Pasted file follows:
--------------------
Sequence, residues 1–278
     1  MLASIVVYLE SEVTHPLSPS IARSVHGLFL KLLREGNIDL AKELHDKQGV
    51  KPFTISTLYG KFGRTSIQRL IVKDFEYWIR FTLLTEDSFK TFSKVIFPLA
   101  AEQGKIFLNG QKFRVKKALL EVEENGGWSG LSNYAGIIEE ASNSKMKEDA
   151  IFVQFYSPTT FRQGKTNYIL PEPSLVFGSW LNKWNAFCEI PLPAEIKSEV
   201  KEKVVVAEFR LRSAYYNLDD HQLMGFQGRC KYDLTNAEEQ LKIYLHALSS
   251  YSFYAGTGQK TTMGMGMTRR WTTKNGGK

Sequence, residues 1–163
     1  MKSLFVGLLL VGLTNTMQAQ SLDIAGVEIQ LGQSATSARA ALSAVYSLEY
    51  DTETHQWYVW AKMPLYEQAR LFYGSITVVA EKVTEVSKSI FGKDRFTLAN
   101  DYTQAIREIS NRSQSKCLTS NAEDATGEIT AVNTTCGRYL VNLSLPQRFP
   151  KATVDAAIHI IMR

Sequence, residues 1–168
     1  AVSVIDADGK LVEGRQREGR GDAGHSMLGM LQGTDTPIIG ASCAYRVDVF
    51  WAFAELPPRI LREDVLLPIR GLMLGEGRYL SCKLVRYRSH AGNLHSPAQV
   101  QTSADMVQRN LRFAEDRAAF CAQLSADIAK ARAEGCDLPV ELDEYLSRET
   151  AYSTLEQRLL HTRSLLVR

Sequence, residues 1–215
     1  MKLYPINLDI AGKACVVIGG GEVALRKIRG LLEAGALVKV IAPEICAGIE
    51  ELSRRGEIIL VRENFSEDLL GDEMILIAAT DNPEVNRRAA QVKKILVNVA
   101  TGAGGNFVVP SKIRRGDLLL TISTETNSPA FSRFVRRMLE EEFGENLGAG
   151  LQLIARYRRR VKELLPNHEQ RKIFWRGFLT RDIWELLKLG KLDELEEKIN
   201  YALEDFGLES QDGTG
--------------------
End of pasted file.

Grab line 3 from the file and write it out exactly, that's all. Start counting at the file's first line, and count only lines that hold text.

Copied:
    51  KPFTISTLYG KFGRTSIQRL IVKDFEYWIR FTLLTEDSFK TFSKVIFPLA